Finally, I must give a shout-out to my dear old dad, the movie buff who took me to see Pulp Fiction in the theater when I was a wee lass of 15.  Now, my dad didn't make a habit of taking his young daughter to see films filled with graphic violence, but he had seen it a few weeks prior and loved it, and somehow he just knew I would too.  His hunch was spot-on - I was instantly intrigued and to this day, no movie has quite spoken to me the way Pulp Fiction has.  And since we both love it so much, one of our many treasured bonds is quoting lines together, as silly as that sounds (and if the husband and I had gone through with the idea of dancing at our wedding, my dad and I were planning to break out the Jack Rabbit Slims moves as our father-daughter dance!)  I don't ever think about Pulp Fiction without thinking fondly of my dad, probably one of the other reasons it remains my favorite movie. 

So...what do you think of the Urban Decay collection?  And are you as rabid a Pulp Fiction fan as I am?


Quick post: movie night

The Oscars are over, but that's not going to stop me from taking another look at movie tie-in beauty products.  I first covered these in 2010 so it's high time for a refresher.

Movie-makeup-tie-ins-2013

1. Stila "And the winner is" palette (there is another one called Name in lights)

2.  Urban Decay Glinda palette, for the film Oz:  The Great and Powerful (see also the Theodora palette)

3.  OPI Oz collection

4.  Pur Minerals "Beautiful Creatures" set

5.  Lancôme BAFTA palette

Which is your fave?  I'm always partial to Stila, but I do love the envelope design on the Lancôme palette - very simple and elegant.


Urban Decay goes to the Big Apple

Urban Decay released its third Book of Shadows, this time devoted to New York City.  Like the Alice in Wonderland palette, it's a pop-up, but it also lights up.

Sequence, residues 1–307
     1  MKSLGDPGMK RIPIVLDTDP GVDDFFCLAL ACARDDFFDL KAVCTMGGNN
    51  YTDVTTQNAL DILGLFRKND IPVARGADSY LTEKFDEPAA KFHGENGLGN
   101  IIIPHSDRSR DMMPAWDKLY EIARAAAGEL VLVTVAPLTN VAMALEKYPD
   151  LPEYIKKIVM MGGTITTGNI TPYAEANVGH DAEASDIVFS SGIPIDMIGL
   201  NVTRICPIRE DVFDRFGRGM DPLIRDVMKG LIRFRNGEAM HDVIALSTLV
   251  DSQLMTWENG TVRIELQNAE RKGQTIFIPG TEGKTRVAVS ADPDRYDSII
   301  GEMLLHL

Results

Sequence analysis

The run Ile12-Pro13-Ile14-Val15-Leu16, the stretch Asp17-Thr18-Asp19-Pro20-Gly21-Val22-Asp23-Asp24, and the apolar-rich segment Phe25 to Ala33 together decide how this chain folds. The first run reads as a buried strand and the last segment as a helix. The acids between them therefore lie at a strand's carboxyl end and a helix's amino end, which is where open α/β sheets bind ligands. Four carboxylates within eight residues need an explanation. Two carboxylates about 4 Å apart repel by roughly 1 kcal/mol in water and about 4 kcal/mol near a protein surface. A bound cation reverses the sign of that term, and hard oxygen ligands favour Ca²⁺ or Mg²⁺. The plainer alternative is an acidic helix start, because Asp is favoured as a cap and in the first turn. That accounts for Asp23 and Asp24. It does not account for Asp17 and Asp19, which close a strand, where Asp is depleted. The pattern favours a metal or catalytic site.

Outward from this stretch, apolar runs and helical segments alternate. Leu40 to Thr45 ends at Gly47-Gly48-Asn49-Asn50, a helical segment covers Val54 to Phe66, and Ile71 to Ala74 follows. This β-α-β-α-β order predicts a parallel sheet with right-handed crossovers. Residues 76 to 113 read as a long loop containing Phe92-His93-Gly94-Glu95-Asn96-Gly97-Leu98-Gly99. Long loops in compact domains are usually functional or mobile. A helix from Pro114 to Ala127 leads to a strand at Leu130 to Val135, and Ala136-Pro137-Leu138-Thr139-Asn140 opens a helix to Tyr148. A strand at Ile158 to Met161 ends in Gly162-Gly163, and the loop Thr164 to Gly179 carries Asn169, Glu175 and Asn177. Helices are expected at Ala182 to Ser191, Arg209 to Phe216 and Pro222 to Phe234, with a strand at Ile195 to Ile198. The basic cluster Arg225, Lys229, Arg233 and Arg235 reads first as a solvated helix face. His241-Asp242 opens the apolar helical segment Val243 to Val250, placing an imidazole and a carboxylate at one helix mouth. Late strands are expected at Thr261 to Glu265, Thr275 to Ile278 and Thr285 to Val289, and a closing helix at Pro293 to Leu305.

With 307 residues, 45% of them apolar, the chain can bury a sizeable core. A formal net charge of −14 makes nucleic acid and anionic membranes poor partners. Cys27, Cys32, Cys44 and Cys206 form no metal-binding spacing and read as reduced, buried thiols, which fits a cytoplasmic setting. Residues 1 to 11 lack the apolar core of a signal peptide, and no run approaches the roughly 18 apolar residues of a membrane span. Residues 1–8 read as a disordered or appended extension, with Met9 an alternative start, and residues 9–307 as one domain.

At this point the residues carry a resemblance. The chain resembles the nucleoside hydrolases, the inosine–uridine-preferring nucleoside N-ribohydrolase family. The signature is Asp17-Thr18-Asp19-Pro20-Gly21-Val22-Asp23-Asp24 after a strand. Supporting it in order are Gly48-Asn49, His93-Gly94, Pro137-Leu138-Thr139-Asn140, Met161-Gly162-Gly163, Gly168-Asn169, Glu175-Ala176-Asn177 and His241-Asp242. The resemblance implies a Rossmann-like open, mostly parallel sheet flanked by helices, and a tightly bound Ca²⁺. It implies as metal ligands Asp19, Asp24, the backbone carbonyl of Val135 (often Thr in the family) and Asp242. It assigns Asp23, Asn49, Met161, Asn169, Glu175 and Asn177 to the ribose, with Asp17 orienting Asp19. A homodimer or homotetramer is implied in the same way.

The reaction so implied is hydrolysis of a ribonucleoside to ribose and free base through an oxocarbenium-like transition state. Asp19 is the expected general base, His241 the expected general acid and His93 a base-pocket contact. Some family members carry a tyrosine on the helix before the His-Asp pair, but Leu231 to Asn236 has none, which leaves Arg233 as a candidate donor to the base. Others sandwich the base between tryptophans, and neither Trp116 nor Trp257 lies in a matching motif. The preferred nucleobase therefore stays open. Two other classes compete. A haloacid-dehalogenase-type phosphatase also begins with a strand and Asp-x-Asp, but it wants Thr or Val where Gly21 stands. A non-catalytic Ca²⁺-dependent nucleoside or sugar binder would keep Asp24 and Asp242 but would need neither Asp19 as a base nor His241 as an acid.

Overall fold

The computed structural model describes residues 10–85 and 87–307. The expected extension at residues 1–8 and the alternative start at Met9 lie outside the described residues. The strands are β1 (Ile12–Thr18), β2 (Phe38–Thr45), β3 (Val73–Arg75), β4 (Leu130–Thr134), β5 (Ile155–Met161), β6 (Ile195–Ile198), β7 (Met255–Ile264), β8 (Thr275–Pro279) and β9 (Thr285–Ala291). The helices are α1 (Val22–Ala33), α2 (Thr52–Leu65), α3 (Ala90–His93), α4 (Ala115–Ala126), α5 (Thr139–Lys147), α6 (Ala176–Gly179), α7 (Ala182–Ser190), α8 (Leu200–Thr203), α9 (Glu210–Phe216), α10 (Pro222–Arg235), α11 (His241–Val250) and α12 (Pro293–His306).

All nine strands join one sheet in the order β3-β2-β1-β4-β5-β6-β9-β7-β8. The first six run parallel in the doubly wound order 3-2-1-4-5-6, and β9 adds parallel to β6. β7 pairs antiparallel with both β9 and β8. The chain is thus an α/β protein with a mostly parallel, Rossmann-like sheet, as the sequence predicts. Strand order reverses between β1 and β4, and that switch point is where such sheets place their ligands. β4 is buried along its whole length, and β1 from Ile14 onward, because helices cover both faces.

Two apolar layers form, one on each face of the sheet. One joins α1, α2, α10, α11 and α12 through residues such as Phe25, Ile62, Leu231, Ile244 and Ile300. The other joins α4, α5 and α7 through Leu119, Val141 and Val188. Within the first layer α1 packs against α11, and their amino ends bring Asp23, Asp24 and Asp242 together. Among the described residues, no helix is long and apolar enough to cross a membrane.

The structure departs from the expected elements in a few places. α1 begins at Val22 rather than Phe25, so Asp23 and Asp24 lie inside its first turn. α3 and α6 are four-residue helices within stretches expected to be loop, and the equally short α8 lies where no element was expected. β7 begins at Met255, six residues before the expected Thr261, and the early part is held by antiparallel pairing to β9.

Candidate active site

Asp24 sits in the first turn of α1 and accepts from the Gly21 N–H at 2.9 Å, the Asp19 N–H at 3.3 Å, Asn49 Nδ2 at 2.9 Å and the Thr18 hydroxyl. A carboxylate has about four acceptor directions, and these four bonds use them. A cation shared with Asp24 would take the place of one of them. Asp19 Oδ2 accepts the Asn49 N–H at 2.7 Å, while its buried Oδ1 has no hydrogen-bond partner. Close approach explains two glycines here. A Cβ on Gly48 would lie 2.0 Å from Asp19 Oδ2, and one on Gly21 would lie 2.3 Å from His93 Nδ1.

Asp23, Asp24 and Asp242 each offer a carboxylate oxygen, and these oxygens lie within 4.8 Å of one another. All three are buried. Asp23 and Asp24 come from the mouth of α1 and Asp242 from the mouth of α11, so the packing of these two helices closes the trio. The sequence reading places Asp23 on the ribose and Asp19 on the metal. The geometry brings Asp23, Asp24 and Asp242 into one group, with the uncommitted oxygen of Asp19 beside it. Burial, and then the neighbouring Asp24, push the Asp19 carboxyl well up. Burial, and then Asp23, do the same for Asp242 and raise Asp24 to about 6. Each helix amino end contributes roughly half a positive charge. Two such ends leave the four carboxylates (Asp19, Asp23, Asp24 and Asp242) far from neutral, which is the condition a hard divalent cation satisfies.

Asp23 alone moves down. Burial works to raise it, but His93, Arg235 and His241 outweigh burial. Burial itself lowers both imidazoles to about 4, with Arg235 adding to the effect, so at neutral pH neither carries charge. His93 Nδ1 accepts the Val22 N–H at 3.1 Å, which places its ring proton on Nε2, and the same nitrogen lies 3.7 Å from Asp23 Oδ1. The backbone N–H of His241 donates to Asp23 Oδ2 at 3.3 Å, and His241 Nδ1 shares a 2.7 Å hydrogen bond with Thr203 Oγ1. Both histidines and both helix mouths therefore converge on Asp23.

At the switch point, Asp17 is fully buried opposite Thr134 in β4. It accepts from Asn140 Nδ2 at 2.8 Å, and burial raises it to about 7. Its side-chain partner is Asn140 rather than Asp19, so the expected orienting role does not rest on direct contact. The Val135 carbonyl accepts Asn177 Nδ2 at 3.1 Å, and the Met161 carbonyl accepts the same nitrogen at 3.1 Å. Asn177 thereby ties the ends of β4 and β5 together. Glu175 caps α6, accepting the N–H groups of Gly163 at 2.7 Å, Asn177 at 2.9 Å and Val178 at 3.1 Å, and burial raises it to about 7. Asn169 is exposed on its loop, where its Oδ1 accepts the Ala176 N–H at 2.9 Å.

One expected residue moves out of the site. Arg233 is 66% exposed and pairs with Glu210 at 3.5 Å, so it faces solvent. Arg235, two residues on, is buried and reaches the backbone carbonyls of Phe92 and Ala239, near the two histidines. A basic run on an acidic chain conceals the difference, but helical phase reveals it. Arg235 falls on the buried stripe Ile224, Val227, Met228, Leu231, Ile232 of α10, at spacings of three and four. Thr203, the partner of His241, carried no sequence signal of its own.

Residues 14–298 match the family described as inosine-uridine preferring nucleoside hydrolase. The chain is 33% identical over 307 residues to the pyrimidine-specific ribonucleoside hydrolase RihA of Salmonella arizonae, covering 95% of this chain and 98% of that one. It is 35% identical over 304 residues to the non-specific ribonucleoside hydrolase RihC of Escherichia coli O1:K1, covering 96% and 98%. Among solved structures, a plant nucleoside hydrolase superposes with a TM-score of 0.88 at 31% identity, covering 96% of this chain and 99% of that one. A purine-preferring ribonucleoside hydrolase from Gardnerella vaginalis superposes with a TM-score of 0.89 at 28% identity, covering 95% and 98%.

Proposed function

IMG_2326

IMG_2327

Details:

IMG_2329

IMG_2330

Here are the shadows:

IMG_2332

 With flash:

IMG_2336

Overall I think the artwork and lights captured the hustle and bustle, not to mention the hipness and sophistication of the Big Apple, but I wish the company released more details as to who made the illustrations, and why they decided to do a palette dedicated to NYC now. 


Friday fun: go ask Alice

"'Twas brillig, and the slithy toves
did gyre and gimbel in the wabe;
all mimsy were the borogroves
and the momeraths outgrabe."

Oh boy am I excited for the new Alice in Wonderland movie.  But you know what I'm even more excited about?  The awesome cosmetic tie-ins.  Urban Decay released this beauty last week.

Outside

To my knowledge, this is the first pop-up palette ever.  I thought it was extremely clever to use this technique for an Alice in Wonderland-themed palette - what better way to celebrate a children's book (well, I think Alice in Wonderland is meant for all ages) than with whimsical pop-up illustrations?  

Excuse my hand, the palette didn't seem to want to stay open!

Whole palette

Here's little Alice, looking up at the caterpillar:

Alice

Cute "drink me" bottle:

Drink me

And my favorite detail on this palette:  the caterpillar.  His face seems to convey a hint of grouchiness and superiority, which is exactly how he is in the book and animated Disney movie. 

Whoooo are yoooou?

IMG_0822